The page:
I know a few respected colleagues that have mastered the ability to see things that I never could see.
One of them could see if his high jumper is taking off at an angle of 36.5 or 37.0 degrees, another one can see if a sprinter’s right gluteus medius is firing or his rectus femoris is contracting at the right speed, this while the athlete is moving at 11 meters per second.
Well…….. I can’t ……. I am unfortunately not blessed with this visual gifts.
Nor can do I know which physiological system is recovered or not, or to what extend an athlete is tired or stressed or not. The athlete anyhow also could never tell me this to a useful extent, since he/she does not know it himself/herself in the first place.
To me the expression “listen to your body” sounds strange, because the body does not speak loud and clearly, but just mumbles something diffuse like: “pain… chest…. left”. But that does not tell me if you have a sore pectoralis muscle or a slight myocardial infarction, not does the body tell us the different between a headache caused by lack of caffeine or a pain in the head caused by a brain tumor.
But here is what helped me survive ……. technology and common sense (the sense that is less common than you think). One of the things that I use quite a lot is sEMG or surface electromyography. No needles in the muscle, but just simple disposable electrodes on the skin.
Strange, that while the muscle is one of the main targets of our training, very few coaches are using EMG. EMG is mainly used by scientists in research or by physical therapists for rehabilitation in case of injuries.
Now why would EMG be useful you might say. EMG, which to put it simply, measures the electric current running from the motor neuron over the muscle. The higher this current, the more motor unit activity is involved.
- EMG helps me to understand:if the muscle involved in this movement or part of the movement, so if I put electrodes on multiple muscles it tells me which muscles are involved in the movement
- the timing of the recruitment of the muscles in a kinetic chain e.g. which one is recruited first and is there overlap in activity of muscles.
- how hard the muscle is working, that is how many motor-units are recruited
- understand fatigue in muscles through the analysis of the EMG frequency spectrum
- EMG helps me to judge the effect of certain exercises, like lots of research has been done on the different effect of different abdominal exercises
- EMG in a biofeedback setting could teach the athlete to relax certain muscle groups consciously (EMG biofeedback)
EMG in itself is a relatively simple procedure, the processing of the electrical signal is more complex, but offers many opportunities.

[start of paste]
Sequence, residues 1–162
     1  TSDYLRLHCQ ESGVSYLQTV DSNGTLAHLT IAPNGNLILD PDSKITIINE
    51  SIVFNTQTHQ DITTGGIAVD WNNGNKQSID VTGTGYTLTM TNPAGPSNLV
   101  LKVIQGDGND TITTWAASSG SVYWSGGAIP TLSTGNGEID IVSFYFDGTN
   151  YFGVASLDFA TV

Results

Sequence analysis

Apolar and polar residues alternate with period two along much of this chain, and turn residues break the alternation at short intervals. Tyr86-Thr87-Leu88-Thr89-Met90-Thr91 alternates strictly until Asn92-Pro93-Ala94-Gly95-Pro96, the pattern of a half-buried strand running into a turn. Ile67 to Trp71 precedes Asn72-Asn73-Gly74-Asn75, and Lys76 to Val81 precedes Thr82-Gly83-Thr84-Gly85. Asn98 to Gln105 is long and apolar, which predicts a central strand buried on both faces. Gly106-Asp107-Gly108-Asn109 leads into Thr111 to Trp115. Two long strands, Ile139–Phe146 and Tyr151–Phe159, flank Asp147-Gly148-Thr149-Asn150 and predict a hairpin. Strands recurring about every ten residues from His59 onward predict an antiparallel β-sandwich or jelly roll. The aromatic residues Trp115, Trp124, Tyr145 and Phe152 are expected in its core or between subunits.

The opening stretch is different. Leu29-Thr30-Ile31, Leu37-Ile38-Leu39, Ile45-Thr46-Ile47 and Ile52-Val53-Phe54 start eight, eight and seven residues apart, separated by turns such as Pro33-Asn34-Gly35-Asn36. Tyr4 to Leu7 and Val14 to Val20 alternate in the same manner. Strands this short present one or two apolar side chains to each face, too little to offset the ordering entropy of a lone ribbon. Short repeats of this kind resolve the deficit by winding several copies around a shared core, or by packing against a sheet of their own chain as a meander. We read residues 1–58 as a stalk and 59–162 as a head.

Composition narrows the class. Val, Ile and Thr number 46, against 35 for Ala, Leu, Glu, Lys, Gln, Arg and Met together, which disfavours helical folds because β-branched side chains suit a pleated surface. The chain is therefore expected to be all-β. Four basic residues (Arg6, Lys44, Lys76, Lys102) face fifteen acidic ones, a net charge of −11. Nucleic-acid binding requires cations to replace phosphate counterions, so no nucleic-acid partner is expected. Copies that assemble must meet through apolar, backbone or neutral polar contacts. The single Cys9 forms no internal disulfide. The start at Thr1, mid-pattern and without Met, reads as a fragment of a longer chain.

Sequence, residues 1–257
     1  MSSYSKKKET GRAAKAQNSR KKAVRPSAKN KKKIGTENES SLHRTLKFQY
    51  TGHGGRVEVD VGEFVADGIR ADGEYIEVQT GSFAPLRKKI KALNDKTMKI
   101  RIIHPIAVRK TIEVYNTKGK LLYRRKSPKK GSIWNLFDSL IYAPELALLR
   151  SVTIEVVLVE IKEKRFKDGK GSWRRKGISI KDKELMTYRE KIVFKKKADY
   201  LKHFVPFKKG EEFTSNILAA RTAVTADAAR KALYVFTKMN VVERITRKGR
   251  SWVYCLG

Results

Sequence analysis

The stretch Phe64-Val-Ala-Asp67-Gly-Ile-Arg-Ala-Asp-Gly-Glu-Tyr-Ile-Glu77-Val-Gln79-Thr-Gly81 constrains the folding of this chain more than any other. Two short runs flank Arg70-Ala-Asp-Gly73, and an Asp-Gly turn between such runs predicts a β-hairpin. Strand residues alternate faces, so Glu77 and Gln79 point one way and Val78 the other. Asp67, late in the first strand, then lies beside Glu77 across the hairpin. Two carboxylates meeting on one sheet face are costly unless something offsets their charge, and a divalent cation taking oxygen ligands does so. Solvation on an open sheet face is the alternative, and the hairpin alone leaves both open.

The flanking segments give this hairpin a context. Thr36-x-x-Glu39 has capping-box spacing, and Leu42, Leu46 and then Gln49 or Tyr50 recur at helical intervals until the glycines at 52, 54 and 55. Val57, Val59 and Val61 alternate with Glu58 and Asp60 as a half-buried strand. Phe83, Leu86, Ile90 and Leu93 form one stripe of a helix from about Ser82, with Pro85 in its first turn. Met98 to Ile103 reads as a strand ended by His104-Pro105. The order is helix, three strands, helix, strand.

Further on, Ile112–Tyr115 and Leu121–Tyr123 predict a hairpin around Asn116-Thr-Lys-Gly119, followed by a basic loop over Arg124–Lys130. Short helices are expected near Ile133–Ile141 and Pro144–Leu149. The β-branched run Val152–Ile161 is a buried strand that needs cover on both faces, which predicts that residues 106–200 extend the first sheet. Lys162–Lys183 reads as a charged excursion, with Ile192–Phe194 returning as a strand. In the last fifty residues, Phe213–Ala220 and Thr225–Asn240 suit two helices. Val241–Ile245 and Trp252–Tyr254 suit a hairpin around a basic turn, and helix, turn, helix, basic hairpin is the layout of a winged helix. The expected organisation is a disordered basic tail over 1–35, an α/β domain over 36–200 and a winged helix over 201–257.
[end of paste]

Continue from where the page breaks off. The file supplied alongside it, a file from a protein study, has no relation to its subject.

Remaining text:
EMG can be recorded in the lab as well as on the field or the track, because many systems have the possibility of recording the signal telemetrically.
One of the my favourite uses of EMG is for the monitoring, but also the prediction of hamstring injuries. We developed this simple idea a long time ago.
The protocol is simple: put EMG electrodes on quads and hamstring group (biceps femoris or semimembranosis and semitendinosis). With 4 channel recording one can do this for both legs at the same time.
Now make a countermovement jump (stand straight up, go down, push off and land).
If there is no hamstring problem, one will during the take-off or push-phase see a dominant quadriceps activity (Q) compared to hamstring activity (H).
If there is an existing or likely a future hamstring problem, one will find a dominant hamstring activity during take-off!
Our explanation for this phenomenon is that it seems like hamstring is more active during take-off since it tends to inhibit or wants to control or slow down the fast knee extension, as fast knee extension may cause damage to the injury-prone hamstring. This simple protocol has helped me a lot in preventing hamstring injuries in sprinters, by detecting a problem before it turned into a strain or pull.
To satisfy the readers that like to read some more about the use of EMG, here is a very short list.
- Cram, J.R; Kasman, G.S: Introduction to electromyography. Aspen Publications Gaithersburg, 1998.
- Lamontagne, M; Application of Electromyography in Sports Medicine, in: Puddu, G; Giombini, A; Selvanetti, A: Rehabilitation of Sports Injuries, Chapter 4, Springer, 2001, pg. 31-42.
- Masso, N; Rey, F; Romero, D; Gual, G; Costa, L; German, A: Surface electromyography applications in the sport; Apunts, 45(165),2010, pg.121-130.
- Felici, F: Neuromuscular responses to exercise investigated through surface EMG; J. Electromyogr Kinesiol 16, 2006, pg.578-585.
- Mileva, K.N; Morgan, J; Bowtell, J: Differentiation of power and endurance athletes based on their muscle fatigability assessed by new spectral electromyographic indices; J. Sports Sci. Vol.27, No.6, 2009, pg.611-623.
- Farina, D; Merletii, R; Enoka, R.M: The extraction of neural strategies from the surface EMG; J.Appl.Physiol. 96, 2004, pg.1486-1495.
- Escamilla, R.F; Babb, E; DeWitt, R; Jew, P; Kelleher, P; Burnham, T; Busch, J; D’Anna, K; Mowbray, R; Imamura, R.T: Electromyographic Analysis of Traditional and Nontraditional Abdominal Exercises: Implications for Rehabilitation and Training; Physical Therapy, 86, 2006, pg.656-671.
- Basics of Surface Electromyography. Applied to Physical rehabilitation and Biomechanics, Thought Technology, Montreal, Feb 2009, 48 pgs.